Raheem Stirling thought he had put his side into the semifinals, but the 4-all aggregate score was enough to send Tottenham through.
In last season’s Champions League, Tottenham should have made it to the quarter-finals.
After fighting back from 2-0 down after ten minutes in Turin to draw 2-2, they were leading Juventus at Wembley 1-0 in the return fixture.
They went into the sheds dominant. They were off to the next round and the Mauricio Pochettino-led revolution had claimed perhaps its biggest scalp – before a five-minute attacking burst saw Juve score two quick goals, kicking the Spurs out of the tournament.
After the match, Juve’s Giorgio Chiellini spoke though fumbling English about his team’s belief, not just in the resilience of the Old Lady of Italian Football, but of Tottenham’s inability to take the next step.
“Tottenham. It’s the history of the Tottenham. They always created many chances and score so much, but at the end they miss always something to arrive at the end. We believe in the history,” he said.
“Experience is important and tonight we used our skill and arrived at the win.”
That one statement was not meant as a sledge. It was not an example of US-style trash talk to twist the knife into an already unsettled opponent.
It was intended by Chiellini as a compliment to his own side’s self-belief.
But for Tottenham fans, it was more painful than being forced to watch Arsenal’s 2003-04 season highlight reel on repeat. In one soundbite, the Juve captain had summed up not only Tottenham’s history, but the very real gap between Europe’s elite and the rest, whether it be the new money of Paris Saint-Germain and Manchester City, or the astute signings and talent development of Tottenham.
Their 2-1 loss to Watford at Vicarage Road may have been on a lesser stage, but it was a familiar capitulation from a side who are torn between the disappointments of the past and the expectations of the future.
Just a week after their 3-0 thrashing of Manchester United, Tottenham had lost sight of the present. Maybe they were thinking about their tough Champions League draw or their next-up fixture, against Liverpool, but they certainly weren’t thinking of Watford.
Pochettino was scathing in his post-match assessment, saying that the side had switched off and played with “friendly intensity”, a contradiction in terms which describes Tottenham past, present and future.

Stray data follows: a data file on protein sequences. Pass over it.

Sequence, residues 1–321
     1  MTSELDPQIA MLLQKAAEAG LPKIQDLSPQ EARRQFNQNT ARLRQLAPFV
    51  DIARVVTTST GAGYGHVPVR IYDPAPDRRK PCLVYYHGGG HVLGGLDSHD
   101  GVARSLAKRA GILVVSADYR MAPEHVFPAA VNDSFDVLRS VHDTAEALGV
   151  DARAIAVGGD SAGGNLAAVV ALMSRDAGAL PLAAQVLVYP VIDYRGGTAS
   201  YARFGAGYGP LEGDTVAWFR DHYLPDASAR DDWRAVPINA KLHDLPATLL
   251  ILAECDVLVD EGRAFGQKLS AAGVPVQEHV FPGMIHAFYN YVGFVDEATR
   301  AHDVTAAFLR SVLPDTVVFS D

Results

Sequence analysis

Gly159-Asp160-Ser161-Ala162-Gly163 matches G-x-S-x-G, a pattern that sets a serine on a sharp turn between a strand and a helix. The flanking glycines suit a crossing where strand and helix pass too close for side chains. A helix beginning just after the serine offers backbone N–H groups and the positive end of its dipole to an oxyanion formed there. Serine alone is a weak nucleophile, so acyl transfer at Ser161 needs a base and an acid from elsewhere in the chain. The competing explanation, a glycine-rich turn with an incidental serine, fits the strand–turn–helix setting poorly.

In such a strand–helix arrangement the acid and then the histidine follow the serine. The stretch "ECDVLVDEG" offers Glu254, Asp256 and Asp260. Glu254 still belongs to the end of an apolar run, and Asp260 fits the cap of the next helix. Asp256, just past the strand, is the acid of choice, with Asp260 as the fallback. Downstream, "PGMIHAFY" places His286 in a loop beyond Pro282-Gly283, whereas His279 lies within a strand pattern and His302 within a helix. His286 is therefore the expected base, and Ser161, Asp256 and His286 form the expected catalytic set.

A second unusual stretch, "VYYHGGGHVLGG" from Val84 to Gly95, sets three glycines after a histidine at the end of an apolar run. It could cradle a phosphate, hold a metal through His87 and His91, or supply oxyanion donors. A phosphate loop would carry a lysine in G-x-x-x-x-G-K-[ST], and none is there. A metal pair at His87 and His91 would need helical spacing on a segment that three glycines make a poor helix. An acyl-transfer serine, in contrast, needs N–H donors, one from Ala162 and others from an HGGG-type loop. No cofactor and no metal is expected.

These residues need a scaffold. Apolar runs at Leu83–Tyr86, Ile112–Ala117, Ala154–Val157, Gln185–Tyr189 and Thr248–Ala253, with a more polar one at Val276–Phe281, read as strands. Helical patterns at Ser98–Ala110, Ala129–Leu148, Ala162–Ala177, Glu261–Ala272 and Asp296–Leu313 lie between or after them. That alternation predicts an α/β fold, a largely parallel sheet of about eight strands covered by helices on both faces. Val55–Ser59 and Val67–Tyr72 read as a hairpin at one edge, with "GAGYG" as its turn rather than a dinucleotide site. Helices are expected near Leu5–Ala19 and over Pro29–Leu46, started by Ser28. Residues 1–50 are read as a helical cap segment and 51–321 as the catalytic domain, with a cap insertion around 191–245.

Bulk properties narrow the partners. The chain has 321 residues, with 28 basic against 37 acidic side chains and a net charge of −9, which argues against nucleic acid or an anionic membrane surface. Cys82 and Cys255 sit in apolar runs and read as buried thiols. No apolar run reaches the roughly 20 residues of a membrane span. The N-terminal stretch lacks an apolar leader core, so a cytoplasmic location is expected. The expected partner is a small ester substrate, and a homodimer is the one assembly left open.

Pochettino’s Spurs, like fellow Premier League upstarts Liverpool under Jurgen Klopp, have played some of Europe’s most exciting football in recent years, despite their comparatively limited budgets. But despite three top-four finishes in a row for Spurs – and a Champions League, Europa League and League Cup final for Liverpool – each have little to show for their improvement other than recalcitrant optimism.
The match might be a blip in a long, punishing season – and Watford’s flawless record this season indicates that they are no pushovers – however Spurs need to focus on the present if they are to capitalise on their best chances of success in a generation.
On the continent…
Ronaldo who? After ten goals in three appearances, Real Madrid sit on top of the ladder, seemingly mocking pre-season suggestions that goals might be hard to come by now that he has moved to Juventus.
Sterner tests will come for the European champions, but there are no signs that Real are missing Cristiano Ronaldo’s 40-plus goals per season just yet.
After blitzing Red Bull Leipzig in the opening round, it appeared Dortmund’s failure to sign a striker – while letting three go in the past six months – wasn’t going to hurt them. Their draw with Hanover however saw them toothless in front of goal, so their last-minute bringing in of Barca man Paco Alcácer on loan has happened just in time.
Napoli’s loss at Sampdoria was a surprise – and it might have come due to one of the most absurd goals ever seen – but it has put them behind the pace already after just three rounds.
Juve sit alone on the top of the table, despite Ronaldo still failing to find the back of the net.